When you hear “vampire slayer”, you probably think of a certain blonde teenager. But what the women of the Southern Book Club have in common with Buffy – aside from their bloodsucker problem – is that they’re living in the Nineties.
In South Carolina suburbia, a group of bored housewives bond over a shared love of the macabre. They’re fascinated by murderers, real and fictional. When a stranger moves into their manicured neighbourhood, Patricia, Grace, Kitty, Maryellen and Slick are charmed and welcoming. Until children start going missing. Then, they use their true crime expertise to fight a threat no-one else notices…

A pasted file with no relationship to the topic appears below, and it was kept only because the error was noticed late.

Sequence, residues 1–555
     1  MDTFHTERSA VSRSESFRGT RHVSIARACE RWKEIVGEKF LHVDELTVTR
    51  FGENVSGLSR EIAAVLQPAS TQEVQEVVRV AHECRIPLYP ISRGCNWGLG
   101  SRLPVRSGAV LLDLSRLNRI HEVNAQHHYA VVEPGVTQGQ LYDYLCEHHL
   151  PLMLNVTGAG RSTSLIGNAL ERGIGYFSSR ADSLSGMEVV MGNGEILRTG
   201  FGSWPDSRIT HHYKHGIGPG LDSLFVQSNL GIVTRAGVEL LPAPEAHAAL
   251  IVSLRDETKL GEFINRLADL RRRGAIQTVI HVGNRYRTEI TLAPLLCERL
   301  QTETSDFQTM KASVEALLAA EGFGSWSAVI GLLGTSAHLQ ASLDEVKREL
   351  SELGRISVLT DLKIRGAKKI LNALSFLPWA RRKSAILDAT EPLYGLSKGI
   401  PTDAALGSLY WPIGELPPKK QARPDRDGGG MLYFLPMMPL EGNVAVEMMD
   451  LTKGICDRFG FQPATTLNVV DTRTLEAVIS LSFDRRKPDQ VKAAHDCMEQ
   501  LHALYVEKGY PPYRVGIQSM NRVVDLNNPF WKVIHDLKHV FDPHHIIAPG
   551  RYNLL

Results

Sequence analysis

The choice of protagonists is inspired: the skills that make these stay-at-home mums great at taking care of their households are invaluable when facing the undead. Hendrix doesn’t shy away from exploring the racism and classism these women have absorbed throughout their privileged lives.
Invoking Buffy seems appropriate, as the cheerleader with a stake in her hand was a deliberate attempt by Joss Whedon to upend horror clichés. Here, Hendrix does the same for middle-aged homemakers, asking his readers to re-evaluate their assumptions about these women.
Smart, scary, and sympathetic, without skimping on horror, this is a novel any book club should savour.
The Southern Book Club’s Guide To Slaying Vampires is available now from Quirk Books.